The Koch Challenge

Last week, to my amazement, I read an article about Charles Koch in The Washington Post newspaper.  The amazing part was that it was a positive article about Koch.

For those who don’t live in D.C., The Washington Post is one of the most liberal newspapers in the country and rarely has anything positive to say about Republicans, especially those who are conservative or libertarian.

The Koch brothers get a bad rap in the media, especially when it comes to the Black community.  I tend to agree with them on many of the issues they are tackling:  shrinking the size of the government, reducing the federal deficit, criminal justice reform, school choice, lower taxes, etc.

When it comes to their interactions with the Black community, like most conservatives, they are trying to do the right thing; but are doing it the wrong way.

During their annual donor’s conference last week in Dana Point, California, Koch explained why his focus is now on the “disenfranchised” and “lower class.”  According to The Washington Post, Koch invoked the names of civil rights icons like Frederick Douglas and Rev. Dr. Martin Luther King, Jr.

Koch stated, “Look at the American revolution, the anti-slavery movement, the women’s suffrage movement, the civil rights movement.  All of these struck a moral chord with the American people.  They all sought to overcome an injustice.  And we, too, are seeking to right injustices that are holding our country back.”

The article reports that helping the lower class was echoed throughout the donor’s conference and they have plans to spend upwards of $ 800 million by the end of 2016 on issue advocacy, higher-education grants and political activity.

This is all well and good, but if they want to see positive results; they first must do a “forensic assessment” of their targeted audience—in this case the Black community.

It doesn’t appear to me that they have any relevant Blacks around them on the political side of the house who can help them properly navigate within the Black community.

For example, when you say “conservative” to a Black audience, we hear Strom Thurmond and Jesse Helms.  When you say “libertarian” we think of someone who supports Jim Crow and segregation.  Former U.S. senator and linguist S.I. Hayakawa said, “Meanings are in people, not in words.”

Because of the liberal media, the Koch brothers, conservatism, and libertarianism all have a bad name in the Black community; and before you can begin to discuss the merits of their issues, the brand must be repaired.

As a student at Oral Roberts University, I had the fortune of working for Oral; and one of the things he would always say was, “Go into every man’s world and meet them at the point of their need.”

Too often, conservatives go into the Black community and tell us what they think is important to us, as opposed to asking us to tell them what is important to us.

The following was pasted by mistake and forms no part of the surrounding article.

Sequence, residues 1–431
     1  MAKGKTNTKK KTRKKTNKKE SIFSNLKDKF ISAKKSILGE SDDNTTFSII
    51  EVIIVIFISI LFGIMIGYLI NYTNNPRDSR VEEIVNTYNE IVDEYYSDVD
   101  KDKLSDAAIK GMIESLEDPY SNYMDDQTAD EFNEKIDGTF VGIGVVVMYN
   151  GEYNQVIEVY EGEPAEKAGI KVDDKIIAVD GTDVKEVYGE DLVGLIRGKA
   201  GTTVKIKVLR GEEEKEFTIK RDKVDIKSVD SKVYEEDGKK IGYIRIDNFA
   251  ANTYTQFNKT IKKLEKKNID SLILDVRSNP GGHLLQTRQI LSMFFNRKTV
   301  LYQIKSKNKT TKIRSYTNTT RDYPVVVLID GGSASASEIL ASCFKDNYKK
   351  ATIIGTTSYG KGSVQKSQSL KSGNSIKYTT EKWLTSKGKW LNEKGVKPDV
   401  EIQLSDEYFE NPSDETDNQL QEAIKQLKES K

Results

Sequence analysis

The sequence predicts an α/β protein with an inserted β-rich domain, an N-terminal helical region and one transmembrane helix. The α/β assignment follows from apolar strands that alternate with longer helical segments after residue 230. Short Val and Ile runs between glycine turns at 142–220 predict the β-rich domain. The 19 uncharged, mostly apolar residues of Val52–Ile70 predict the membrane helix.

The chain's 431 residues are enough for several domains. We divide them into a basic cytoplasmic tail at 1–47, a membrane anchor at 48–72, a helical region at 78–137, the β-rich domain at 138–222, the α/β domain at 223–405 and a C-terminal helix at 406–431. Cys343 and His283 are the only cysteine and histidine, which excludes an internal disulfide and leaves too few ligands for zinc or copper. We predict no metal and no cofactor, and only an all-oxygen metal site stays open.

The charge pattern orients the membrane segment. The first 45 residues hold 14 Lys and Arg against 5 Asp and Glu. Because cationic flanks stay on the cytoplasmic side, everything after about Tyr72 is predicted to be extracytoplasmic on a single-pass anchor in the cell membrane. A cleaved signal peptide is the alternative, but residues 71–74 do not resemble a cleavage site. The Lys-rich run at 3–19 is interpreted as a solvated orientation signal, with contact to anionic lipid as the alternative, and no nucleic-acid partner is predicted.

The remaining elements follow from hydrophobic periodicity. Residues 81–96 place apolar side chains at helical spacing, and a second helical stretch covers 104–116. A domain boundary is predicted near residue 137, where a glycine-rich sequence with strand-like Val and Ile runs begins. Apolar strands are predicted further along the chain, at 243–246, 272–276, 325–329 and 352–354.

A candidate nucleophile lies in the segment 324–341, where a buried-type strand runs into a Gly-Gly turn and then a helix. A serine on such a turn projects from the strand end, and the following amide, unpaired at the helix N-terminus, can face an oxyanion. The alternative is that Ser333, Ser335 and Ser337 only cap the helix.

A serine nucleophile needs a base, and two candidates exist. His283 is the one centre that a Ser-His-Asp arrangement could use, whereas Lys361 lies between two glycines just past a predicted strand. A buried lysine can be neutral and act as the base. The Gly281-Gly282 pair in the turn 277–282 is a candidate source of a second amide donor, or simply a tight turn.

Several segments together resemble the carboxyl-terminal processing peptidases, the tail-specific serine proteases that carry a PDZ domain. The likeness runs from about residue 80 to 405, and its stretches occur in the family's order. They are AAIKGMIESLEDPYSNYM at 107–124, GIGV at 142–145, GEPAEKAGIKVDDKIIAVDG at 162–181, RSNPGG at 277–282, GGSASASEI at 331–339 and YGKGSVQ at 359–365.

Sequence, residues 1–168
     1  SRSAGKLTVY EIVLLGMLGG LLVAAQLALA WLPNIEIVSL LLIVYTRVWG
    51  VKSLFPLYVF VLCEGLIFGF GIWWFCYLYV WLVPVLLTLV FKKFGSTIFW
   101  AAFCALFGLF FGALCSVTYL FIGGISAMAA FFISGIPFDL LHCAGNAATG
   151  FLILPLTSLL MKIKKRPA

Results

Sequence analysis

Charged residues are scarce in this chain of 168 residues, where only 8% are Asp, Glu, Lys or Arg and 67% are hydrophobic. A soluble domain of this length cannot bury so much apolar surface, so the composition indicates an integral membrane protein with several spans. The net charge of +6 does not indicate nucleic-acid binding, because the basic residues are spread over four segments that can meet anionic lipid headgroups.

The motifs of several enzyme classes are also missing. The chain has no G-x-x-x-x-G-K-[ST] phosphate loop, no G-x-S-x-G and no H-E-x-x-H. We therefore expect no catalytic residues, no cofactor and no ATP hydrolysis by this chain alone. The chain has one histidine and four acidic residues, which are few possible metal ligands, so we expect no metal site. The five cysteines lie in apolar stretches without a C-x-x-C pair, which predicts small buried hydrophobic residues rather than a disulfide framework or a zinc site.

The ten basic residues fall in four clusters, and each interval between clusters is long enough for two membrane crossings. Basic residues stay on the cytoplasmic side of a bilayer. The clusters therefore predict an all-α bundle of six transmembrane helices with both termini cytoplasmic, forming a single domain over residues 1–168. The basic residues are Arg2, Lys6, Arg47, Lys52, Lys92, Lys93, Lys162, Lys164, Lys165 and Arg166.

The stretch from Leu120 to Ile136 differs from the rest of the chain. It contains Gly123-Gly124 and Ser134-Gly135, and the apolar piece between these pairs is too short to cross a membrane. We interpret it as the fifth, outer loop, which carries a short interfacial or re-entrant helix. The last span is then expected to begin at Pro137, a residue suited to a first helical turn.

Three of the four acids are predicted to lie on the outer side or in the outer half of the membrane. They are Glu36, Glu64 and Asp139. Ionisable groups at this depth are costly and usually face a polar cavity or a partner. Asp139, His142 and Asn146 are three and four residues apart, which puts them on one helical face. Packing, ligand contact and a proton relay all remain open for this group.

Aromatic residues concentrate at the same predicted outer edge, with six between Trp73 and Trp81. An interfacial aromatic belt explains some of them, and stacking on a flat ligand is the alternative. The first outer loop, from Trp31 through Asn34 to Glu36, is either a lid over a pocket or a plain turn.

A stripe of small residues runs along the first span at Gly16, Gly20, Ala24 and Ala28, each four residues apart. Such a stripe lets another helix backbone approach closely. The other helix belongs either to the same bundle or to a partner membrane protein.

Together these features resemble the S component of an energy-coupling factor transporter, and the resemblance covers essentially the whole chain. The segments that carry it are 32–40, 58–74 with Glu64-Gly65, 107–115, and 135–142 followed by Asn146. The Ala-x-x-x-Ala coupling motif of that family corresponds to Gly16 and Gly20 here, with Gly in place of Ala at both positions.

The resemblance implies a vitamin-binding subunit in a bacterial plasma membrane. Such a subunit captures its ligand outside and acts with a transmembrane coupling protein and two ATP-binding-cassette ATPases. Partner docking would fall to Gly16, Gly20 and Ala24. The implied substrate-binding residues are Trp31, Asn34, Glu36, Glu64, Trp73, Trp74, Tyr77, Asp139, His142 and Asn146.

A case in point is criminal justice reform.  Conservatives have the crazy notion that this issue is the gateway into the Black community.  In reality this is nowhere near the top of the priority list within the Black community.

The top three issues within the Black community are:  small business/entrepreneurship, education/school choice, and values/morals.  The logic is very simple.

Small business is the economic engine of our country; always has been and always will be.  Fortune 500 companies are steadily laying off workers, whereas entrepreneurs are creating all of the new jobs and doing all of the new hiring.

These small businesses need a labor pool that has basic skill sets like reading, writing, and arithmetic to fill various job openings.

Promoting “traditional values” within the Black community is part of our historical heritage going all the way back to Africa.  Liberalism is anathema to the Black community; but liberals have been effective in disguising it to the detriment of the Black community.

I totally agree with what Koch said in the article, “[we need] to be much more effective in articulating their [Koch] message.”  The first thing they must change is their verbiage.

If the Koch brothers are serious about engaging with the Black community, they must have a media strategy to push back on the liberal lies that are being constantly pushed within the Black community.  Conservatives cede too much to liberals in this regard.

The Koch brothers also need to have a strategic media plan for them (Charles and his brother David) to engage directly with the Black media to “demystify” who they are and their agenda.  Again, the liberal media has portrayed them as racist boogeymen to the Black community and they must begin to push back on this narrative.

A lie repeated enough becomes the truth.

Conservatives tend to surround themselves with Blacks they are “comfortable” with versus Blacks who can deliver results.  This is the major reason you don’t have more Blacks in the movement and I am not optimistic that this will change anytime soon.

If the Koch brothers are truly serious about engagement with the Black community, they must redirect their spending to the priorities that are important to Blacks, not the ones that are important to them; and they must begin to think and look outside of the box.

EDITORS NOTE: The featured image is of Charles Koch.

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